How robust will holiday sales be?

Competitive retail season promises bargains for consumers

November 19, 2006|By Andrea K. Walker and Hanah Cho | Andrea K. Walker and Hanah Cho,Sun reporters

Renee Hoyt is looking for one thing as she buys Christmas presents for family and friends this holiday season: deals. The 36-year-old from Essex started her Christmas shopping last week with a stop at Security Square Mall. She then headed to a nearby J.C. Penney to check out the 50 percent discounts for many items.

Shoppers like Hoyt have lucked out so far this year. Many retailers such as Wal-Mart and J.C. Penney slashed prices weeks ago to convince shoppers to buy before the traditional start of the holiday shopping season, which begins Friday. That has pushed other retailers who sell everything from toys, electronics and apparel to join the price wars to compete for consumers in a buying season that analysts forecast will produce tepid results at best.

The holiday season, which includes the full months of November and December, is important because it accounts for 20 percent to 40 percent of annual retail sales. Analysts say higher energy prices and a slowing real estate market are likely to dampen consumer spending this year. But they look for bright spots at department stores and luxury gift sellers.

"There is a lot at stake," said Howard Davidowitz, chairman of Davidowitz & Associates Inc., a retail consulting and investment banking firm in New York. "It'll be a very promotional holiday. Customers are very price-conscious."

The National Retail Federation predicts $457.4 billion in holiday spending this year, a 5 percent increase over 2005. That would be a solid showing but not as good as last year when sales rose 6.1 percent to $435.6 billion. Holiday shoppers plan to spend on average $791.10 this season, up from $738.11 last year, according to the trade group. Consumers will spend an additional $99.22 on themselves.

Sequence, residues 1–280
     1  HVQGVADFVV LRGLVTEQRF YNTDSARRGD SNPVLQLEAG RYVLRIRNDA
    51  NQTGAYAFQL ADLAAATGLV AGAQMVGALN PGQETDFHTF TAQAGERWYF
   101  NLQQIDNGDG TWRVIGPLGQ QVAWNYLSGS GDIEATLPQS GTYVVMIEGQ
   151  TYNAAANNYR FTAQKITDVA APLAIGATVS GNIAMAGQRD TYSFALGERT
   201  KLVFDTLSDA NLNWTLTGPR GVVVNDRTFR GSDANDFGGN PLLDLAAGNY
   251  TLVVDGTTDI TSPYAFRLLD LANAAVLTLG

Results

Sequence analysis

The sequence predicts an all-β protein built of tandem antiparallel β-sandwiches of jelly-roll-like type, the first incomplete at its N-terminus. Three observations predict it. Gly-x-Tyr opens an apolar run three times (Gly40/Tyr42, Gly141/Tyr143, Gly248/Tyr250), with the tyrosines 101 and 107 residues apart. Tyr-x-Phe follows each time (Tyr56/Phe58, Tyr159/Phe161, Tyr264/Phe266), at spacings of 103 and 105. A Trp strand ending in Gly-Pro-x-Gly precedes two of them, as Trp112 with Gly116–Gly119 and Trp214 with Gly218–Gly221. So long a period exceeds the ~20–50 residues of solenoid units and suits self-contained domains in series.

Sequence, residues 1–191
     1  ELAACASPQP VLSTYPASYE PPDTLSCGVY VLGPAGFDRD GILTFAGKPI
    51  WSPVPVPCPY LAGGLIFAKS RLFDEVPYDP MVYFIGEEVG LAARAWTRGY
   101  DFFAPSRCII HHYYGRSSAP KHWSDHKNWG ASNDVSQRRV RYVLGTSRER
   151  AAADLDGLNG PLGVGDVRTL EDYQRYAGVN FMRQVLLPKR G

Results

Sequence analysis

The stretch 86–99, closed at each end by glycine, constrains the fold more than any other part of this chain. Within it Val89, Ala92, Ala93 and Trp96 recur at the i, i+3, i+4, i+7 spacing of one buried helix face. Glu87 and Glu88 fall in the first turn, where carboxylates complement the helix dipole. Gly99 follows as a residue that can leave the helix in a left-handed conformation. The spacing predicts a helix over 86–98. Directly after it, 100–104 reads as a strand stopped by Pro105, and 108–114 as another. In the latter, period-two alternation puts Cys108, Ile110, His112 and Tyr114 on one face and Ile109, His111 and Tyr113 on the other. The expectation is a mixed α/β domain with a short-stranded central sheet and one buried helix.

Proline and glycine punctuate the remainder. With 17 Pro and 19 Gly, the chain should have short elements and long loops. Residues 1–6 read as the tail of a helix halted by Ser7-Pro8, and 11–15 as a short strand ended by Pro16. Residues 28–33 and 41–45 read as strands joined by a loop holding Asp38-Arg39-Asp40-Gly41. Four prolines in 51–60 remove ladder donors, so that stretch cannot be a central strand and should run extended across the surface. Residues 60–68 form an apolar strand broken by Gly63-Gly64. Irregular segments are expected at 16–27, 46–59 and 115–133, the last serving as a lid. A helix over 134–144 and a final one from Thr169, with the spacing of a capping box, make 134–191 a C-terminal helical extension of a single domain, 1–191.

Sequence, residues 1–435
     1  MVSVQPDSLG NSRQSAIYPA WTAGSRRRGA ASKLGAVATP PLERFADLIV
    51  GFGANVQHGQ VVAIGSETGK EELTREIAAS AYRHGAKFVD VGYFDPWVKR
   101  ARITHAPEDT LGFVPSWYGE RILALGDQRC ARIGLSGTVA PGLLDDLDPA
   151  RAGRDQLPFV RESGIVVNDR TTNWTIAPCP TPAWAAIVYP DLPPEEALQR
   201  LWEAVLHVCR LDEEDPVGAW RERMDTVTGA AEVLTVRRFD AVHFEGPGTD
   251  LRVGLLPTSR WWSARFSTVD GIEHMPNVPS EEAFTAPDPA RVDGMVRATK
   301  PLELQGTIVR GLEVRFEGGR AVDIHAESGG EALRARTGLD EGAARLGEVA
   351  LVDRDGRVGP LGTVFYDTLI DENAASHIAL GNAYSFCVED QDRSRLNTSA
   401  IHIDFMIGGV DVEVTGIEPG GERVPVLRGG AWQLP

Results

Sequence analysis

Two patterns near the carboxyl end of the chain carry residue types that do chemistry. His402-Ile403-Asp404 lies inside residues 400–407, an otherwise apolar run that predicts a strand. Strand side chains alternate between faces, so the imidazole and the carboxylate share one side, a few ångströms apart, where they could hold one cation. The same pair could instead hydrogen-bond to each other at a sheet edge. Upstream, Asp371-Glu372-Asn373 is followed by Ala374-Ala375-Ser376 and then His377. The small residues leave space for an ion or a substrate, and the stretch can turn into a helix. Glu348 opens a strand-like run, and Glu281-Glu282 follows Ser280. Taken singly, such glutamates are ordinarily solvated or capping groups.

"The stores are so competitive now," said Hoyt, who hopes to spend less this season by taking advantage of deals. "You really have to keep your eyes open and you can get some really good savings."

Department stores such as Macy's and Boscov's are trying to solidify their place in markets like the Baltimore area after a year of consolidation and expansion. Federated Department Stores Inc., Macy's operator, bought out the parent of Hecht's earlier this year, eliminating some stores. The retail space it yielded allowed Reading, Pa.-based Boscov's to expand here.

Internet shopping is expected to grow by double digits again. And more companies will offer free shipping this year to make up for poor results last year in delivering gifts on time.

And discount stores like Wal-Mart - the world's largest retailer, which sets pricing trends throughout the industry - has vowed the most aggressive pricing strategy for the holiday season. Last week, Wal-Mart announced the fourth set of price cuts in a month.

"What's happening is that Wal-Mart is setting the tone," Davidowitz said. "That has caused a ripple because that means Target has to react, Best Buy has to react, Circuit City has to react. Everyone has to react in one way or another." and

Here is a look at some key areas this holiday season:


Consumer electronics continue to be the "must-have" gifts for the holidays. And this is the perfect time for consumers to snatch up MP3 players, digital cameras and big-screen televisions, analysts say, because prices keep falling on big-ticket items.

For instance, Wal-Mart cut the price on a 42-inch, Panasonic HD plasma TV from $1,794 to $1,294, along with prices of nearly 100 other items. Target said it would match Wal-Mart's prices in markets where they compete.

"It's definitely good news for consumers," said Shawn Dubravac, an economist with the Consumer Electronics Association. "[Retailers] are competing fiercely to bring down the prices for consumers."

Spending for electronic items is expected to account for 24 percent of overall gift expenses, an increase of 17 percent from the previous year, according to the association. Sales are expected to increase to $21 billion in 2006, compared with $17 billion a year ago, the electronics trade group said.

Digital music players and digital cameras are this year's must-have high-tech gifts among adults, while teenagers want digital music players and game consoles. The latest buzz surrounds the Sony Playstation 3 and Nintendo Wii consoles, which were released last week and today respectively, to much anticipation.


Discount stores like Wal-Mart face a competitive shopping season and that should mean better deals for consumers.

Analysts said high-energy prices and a drop in disposable income are hurting low-income families, the core shoppers at discount stores. Some also say Wal-Mart expanded too quickly and focused on fashion to attract a higher-income shopper, which did not yield strong results. The result, they say, is that the retailer cut prices early this year.

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